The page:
They also err significantly in saying "the pursuit of a nuclear-weapons-free world is both national and international law." It is the achievement, not the pursuit, of this goal that's a binding legal requirement, unanimously confirmed by the International Court of Justice. Attempting to substitute an alleged aspiration for achievement is a grave political disservice--especially when such an aspiration comes from the leader of the world's largest military power and is followed by a large increase in nuclear weapons spending.
Further, I never said that a nuclear deterrent required "unending innovation." The reverse is true. What I said was quite different: that the "deterrence of any adversary" to which Obama referred was unachievable, and therefore, its pursuit implied unending innovation. Investment itself, together with an ideology of technical "progress" (often expressed through fads such as the quest for greater device "surety"), creates the hope that a "credible" nuclear deterrent, relevant to "any" adversary, can someday be achieved.
Disarmament aside, the warhead complex, especially at the physics labs, is riddled with waste and unnecessary programs and missions. I and many others believe the complex is grossly overfunded for the mission of maintaining the present arsenal indefinitely. Beyond this, a much smaller U.S. arsenal is desirable from every perspective--including cost. Such an arsenal could be achieved by unilateral and loosely reciprocated bilateral action, with or without treaties.
If Obama wants to decrease the role of nuclear weapons in national security, and expects anybody to believe him, he must actually do so. Building thousands of significantly upgraded bombs (a process already underway) with new requests to develop and produce more types of upgraded bombs and the factories to make them isn't disarmament. It's the modernization of the country's nuclear weapons complex, along with its arsenal, for the long run.
Robert Gard and John Isaacs reply: It's gratifying to learn that Greg Mello agrees with us on the desirability of both sound measures to prevent nuclear proliferation and a "much smaller" U.S. nuclear arsenal. For our part, we agree with him that the increase in funds programmed for the nuclear laboratories is excessive, although we don't see any inconsistency between ensuring a safe, secure, reliable, and effective nuclear stockpile and reducing its size.
We may have a basic disagreement regarding deterrence. It's not clear whether Mello's quote of deterring "any adversary" includes non-state actors or only nation states. If he is referring to nation states only, we believe even extended deterrence can be accomplished without "unending innovation" and with a smaller stockpile. If his definition includes non-state actors bent on terrorism, no amount of innovation or real investment can deter them from using a nuclear weapon should they acquire one.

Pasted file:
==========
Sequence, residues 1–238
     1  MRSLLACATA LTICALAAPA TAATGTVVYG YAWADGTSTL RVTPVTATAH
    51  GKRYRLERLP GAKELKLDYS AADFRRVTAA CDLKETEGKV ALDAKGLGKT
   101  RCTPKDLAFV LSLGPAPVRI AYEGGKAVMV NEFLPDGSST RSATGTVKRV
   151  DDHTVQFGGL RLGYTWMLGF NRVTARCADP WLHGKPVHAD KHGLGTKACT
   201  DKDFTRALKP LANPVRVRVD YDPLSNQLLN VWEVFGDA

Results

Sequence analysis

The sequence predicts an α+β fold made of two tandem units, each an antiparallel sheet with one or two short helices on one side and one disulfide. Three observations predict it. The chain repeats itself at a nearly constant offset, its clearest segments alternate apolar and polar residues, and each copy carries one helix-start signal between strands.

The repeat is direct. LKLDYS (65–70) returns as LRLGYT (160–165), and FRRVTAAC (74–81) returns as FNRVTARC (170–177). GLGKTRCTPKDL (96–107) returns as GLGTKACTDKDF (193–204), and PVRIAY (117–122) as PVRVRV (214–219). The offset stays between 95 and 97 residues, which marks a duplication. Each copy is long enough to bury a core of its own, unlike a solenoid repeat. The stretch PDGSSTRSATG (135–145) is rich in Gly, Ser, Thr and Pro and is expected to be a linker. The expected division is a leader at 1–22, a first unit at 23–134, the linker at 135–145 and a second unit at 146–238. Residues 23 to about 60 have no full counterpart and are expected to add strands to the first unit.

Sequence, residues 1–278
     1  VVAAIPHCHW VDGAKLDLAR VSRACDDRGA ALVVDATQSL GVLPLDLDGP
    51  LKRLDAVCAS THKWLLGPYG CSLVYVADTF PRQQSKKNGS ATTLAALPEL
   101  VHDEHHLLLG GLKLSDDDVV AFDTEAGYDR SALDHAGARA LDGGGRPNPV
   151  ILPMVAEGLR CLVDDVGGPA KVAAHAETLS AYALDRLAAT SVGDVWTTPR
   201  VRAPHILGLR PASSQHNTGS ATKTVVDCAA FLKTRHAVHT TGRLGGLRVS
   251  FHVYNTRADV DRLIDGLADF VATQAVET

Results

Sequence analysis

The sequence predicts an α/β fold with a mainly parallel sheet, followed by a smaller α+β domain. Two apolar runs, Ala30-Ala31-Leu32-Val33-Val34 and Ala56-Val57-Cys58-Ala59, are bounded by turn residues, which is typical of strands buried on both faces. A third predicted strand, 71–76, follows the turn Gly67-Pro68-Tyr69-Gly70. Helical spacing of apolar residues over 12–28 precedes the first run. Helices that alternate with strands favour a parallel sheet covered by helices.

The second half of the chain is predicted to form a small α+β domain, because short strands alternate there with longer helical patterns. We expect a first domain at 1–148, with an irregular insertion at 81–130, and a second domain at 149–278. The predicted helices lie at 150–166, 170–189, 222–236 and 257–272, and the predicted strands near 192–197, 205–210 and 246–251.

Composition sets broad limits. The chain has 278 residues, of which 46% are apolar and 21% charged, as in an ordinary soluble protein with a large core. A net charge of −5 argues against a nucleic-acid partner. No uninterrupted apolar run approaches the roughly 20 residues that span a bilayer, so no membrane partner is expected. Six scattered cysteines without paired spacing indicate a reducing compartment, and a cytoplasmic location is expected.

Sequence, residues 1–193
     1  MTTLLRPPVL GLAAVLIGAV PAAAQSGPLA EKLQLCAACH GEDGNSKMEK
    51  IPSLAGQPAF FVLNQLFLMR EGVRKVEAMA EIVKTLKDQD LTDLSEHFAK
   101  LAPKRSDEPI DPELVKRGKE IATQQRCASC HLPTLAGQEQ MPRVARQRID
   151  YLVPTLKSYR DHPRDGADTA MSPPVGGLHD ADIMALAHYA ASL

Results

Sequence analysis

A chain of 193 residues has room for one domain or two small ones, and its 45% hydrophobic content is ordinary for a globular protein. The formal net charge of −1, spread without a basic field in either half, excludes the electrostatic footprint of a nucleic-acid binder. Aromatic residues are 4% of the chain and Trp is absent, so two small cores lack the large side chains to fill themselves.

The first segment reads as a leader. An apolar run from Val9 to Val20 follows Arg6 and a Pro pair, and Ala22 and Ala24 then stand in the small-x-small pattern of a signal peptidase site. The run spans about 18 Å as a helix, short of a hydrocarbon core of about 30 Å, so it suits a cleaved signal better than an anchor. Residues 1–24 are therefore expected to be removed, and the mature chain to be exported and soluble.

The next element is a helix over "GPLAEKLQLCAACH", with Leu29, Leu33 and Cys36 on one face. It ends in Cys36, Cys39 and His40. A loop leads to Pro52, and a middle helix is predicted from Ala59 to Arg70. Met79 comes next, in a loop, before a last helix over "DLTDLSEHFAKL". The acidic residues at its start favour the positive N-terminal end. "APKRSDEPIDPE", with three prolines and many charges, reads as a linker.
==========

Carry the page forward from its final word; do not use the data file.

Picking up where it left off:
We certainly concede the point that most measures designed to reduce the likelihood of nuclear proliferation wouldn't qualify as disarmament, but they may facilitate reductions in nuclear stockpiles, which would qualify as disarmament.
Finally, let's return to the basic issue of President Obama's commitment to seeking, as a goal, a nuclear-weapon-free world. Even if it is an "aspiration," that doesn't reduce its importance. Article VI of the Nuclear Non-Proliferation Treaty obligates the nuclear weapons states, including the United States, "to pursue negotiations in good faith on effective measures relating to nuclear disarmament." And although Mello might not consider the action "significant," Obama did chair a U.N. Security Council meeting with other heads of state that resulted in a resolution affirming the goal of a nuclear-weapon-free world. Additionally, to meet our obligation under Article VI, Obama has stated his intent to follow up the new START treaty with negotiations involving all of the nuclear powers to reduce stockpiles of weapons.
Coming full circle, these actions taken are essential to obtain the cooperation of the non-nuclear weapons states in measures to reduce the likelihood of nuclear weapons proliferation, which both we and Mello favor.
The executive director of the Center for Arms Control and Non-Proliferation, Isaacs represents the centerís sister organization, Council for a Livable World, on Capitol Hill. His expertise is in how Congress works, especially when it pertains to national security issues such as nuclear weapons and missile defense. Previously, he served as a legislative assistant on foreign affairs to former New York Democratic Rep. Stephen Solarz.
Robert G. Gard Jr.
A consultant on international security and education, Gard is the chair of the Center for Arms Control and Nonproliferation's Board of Directors. He also is a member of the Bulletin's Science and Security Board. Previously, he served as president of the Monterey Institute of International Studies and as director of the Johns Hopkins University Bologna Center. During a military career that spanned three decades, he was an assistant to the secretary of defense and president of the National Defense University.